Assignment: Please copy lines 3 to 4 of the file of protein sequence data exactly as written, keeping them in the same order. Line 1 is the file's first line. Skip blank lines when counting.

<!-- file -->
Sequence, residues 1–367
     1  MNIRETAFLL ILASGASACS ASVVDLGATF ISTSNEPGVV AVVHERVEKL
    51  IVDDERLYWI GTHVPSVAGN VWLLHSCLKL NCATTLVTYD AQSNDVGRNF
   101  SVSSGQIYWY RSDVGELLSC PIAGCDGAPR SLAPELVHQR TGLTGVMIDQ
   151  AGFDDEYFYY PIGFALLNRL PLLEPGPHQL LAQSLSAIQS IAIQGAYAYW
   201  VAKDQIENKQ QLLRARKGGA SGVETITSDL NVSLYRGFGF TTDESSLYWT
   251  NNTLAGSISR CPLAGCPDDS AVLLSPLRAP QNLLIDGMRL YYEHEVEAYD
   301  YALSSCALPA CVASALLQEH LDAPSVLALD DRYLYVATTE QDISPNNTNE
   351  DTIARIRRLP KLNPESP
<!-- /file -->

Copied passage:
    51  IVDDERLYWI GTHVPSVAGN VWLLHSCLKL NCATTLVTYD AQSNDVGRNF
   101  SVSSGQIYWY RSDVGELLSC PIAGCDGAPR SLAPELVHQR TGLTGVMIDQ